The chief merit of this minikin performance consists in the sprightkness of some of the airs, and the beauty of some of the fcenes. For the ref, it is well known that Mons. Harlequin is a privileged perfon, and amenable to no court of criticism in the universe.
POLITICA L. Art. 29. The Letters of Governor Hutchinson and Lieutenant Go
vernor Oliver, &c. Printed at Boston ; and Remarks thereon. With the Assembly's Address, and the Proceedings of the Lords Com
mittee of Council. Together with the Substance of Mr. Wedder. • barn's Speech relating to those Letters. X 8vo.
The nature and parport of the Letters here published, are already we presume, well known to our Readers, in general. They have been retailed in moft of the newspapers ; together with such ocça. fional remarks, letters, invectives, and altercations, as an affair fo very interesting to this country and the colonics, could not fail of producing: and much do we fear that Mr. Wedderburn's rude astack on a character which has long, and justly, been deemed an hopour to the present age, will not be the worst consequence of an event which every lover of liberty, of science, and of virtue, may have reason to be forry for.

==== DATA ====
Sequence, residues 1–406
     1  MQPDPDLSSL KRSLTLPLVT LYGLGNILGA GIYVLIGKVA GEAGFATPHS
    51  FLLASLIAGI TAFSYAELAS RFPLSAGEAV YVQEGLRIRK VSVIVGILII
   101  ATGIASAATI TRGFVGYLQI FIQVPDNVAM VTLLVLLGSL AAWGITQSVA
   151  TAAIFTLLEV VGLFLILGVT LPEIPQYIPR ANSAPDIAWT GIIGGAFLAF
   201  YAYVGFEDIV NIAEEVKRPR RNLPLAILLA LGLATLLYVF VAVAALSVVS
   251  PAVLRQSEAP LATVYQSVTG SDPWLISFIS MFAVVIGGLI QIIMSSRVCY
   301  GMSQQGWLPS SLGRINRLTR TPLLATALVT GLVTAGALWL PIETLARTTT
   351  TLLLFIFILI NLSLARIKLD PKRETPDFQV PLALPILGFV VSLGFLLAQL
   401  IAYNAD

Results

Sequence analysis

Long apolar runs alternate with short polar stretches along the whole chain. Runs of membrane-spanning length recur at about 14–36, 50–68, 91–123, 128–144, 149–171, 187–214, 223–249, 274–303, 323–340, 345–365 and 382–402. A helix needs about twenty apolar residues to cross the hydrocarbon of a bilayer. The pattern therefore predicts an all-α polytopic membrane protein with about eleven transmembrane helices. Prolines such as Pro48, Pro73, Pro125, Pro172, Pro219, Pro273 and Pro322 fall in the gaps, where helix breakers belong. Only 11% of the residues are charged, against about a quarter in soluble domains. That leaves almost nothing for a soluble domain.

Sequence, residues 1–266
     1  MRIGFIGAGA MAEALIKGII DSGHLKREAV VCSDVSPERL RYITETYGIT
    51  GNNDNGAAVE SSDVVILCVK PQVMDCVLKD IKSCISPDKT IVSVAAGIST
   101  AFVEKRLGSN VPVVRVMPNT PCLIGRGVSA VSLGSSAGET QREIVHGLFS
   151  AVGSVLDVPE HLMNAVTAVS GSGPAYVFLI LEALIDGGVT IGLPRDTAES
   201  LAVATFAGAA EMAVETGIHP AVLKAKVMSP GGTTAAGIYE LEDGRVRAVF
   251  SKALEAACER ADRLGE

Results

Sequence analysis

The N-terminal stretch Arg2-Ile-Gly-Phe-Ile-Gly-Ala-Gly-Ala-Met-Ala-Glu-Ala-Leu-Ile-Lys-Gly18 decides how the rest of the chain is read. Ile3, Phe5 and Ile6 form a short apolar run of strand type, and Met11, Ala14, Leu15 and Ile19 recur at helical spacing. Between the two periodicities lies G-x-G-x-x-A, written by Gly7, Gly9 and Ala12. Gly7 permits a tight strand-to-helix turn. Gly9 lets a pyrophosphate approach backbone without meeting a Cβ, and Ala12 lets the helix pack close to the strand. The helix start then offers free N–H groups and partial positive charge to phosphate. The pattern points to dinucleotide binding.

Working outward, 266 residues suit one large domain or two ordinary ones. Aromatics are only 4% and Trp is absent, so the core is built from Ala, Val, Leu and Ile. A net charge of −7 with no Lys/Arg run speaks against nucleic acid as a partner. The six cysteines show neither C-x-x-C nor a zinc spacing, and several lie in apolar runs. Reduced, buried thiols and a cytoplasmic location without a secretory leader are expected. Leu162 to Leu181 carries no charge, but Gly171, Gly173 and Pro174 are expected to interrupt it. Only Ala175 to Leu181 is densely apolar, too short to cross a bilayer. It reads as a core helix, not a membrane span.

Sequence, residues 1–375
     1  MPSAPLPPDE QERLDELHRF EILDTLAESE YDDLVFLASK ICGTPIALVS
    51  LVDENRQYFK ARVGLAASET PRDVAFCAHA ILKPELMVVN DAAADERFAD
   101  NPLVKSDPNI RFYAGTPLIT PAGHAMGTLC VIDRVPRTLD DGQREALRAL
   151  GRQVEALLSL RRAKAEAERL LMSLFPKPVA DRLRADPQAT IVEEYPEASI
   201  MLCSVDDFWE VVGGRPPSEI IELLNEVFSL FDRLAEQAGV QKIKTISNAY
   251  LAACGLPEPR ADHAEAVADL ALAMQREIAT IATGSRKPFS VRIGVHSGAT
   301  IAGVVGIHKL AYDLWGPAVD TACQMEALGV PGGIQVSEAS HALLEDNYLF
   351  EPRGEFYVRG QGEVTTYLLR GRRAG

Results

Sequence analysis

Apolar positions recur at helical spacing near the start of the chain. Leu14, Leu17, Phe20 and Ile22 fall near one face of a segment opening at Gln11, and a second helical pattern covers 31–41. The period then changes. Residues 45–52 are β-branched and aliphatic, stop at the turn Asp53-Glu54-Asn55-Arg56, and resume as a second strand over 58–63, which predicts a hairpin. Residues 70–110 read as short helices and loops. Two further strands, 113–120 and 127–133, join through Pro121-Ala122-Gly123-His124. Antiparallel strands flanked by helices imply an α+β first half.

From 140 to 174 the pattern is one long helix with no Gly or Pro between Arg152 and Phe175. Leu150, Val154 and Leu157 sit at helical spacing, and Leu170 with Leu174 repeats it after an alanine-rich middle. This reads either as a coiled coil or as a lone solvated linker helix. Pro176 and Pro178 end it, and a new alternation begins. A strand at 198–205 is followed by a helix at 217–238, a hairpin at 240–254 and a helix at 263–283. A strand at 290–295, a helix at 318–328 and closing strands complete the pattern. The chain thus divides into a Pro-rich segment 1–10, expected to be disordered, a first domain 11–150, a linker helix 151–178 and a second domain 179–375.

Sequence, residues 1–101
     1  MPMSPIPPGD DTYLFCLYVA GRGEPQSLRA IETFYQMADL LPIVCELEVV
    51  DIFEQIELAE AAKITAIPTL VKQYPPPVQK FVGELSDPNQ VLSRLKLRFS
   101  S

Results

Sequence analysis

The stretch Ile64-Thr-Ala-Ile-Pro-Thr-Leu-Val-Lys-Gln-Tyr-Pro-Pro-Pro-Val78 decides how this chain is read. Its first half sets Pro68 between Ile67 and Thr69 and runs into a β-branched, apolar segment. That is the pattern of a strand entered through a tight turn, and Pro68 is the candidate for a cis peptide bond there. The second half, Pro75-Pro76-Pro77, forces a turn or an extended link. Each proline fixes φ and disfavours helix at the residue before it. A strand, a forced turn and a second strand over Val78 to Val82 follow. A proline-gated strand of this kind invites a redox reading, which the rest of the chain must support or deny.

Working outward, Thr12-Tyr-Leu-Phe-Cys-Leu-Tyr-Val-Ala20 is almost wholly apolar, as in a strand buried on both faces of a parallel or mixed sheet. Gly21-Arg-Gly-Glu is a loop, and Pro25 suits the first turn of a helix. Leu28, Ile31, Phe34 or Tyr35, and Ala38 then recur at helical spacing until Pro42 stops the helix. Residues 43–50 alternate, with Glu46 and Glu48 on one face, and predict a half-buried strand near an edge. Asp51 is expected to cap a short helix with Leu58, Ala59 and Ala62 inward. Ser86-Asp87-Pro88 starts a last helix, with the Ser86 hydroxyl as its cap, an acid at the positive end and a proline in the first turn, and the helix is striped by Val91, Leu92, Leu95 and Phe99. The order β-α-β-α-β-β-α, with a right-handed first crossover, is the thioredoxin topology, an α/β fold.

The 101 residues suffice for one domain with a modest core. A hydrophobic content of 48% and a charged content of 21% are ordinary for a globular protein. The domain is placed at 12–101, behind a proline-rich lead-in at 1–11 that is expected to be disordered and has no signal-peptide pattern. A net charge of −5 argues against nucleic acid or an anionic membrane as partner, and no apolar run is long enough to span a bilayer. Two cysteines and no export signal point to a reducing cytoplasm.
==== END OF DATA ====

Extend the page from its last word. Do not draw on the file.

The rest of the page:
MISCELLANEOUS. Art. 30. 1 Letter to Sir Fletcher Norton, Knt. Speaker of the
Hoafe of Commons, on the Petition of Thomas De Grey, Esq; and others, as inserted in the Public Advertiser, on the ruth of February; for which the Printer was ordered to attend the House on the 14th. 8vo. 6d. Wheble. 1774.
The subject of this pamphlet hath so much occupied the newspapers of the month, that there is little left for us to add. Nor, indeed, can any one judge of the fact, to which it alludes, who was not present in the House of Commons when Mr. De Grey's pecition was presented, and thereby enabled to fee and hear every thing that paffed on the part of the Speaker, whose behaviour was fo grossly impeached by the spirited Author of the Letter : who that Author is, the Public are, now, at no loss to infer. Art. 31. The Journal of a Voyage undertaken by Order of his present
Majefly, for making Discoveries toward the North Pole, by the Hon. Commodore Phipps, and Captain Lutwidge, in his Majesty's Sloops Racehorse and Carkase. To which is prefixed, an Account of ihe several Voyages undertaken for the Discovery of a North-East Passage to China and Japan. 8vo. 1 s. 6 d. Newbery. 1774.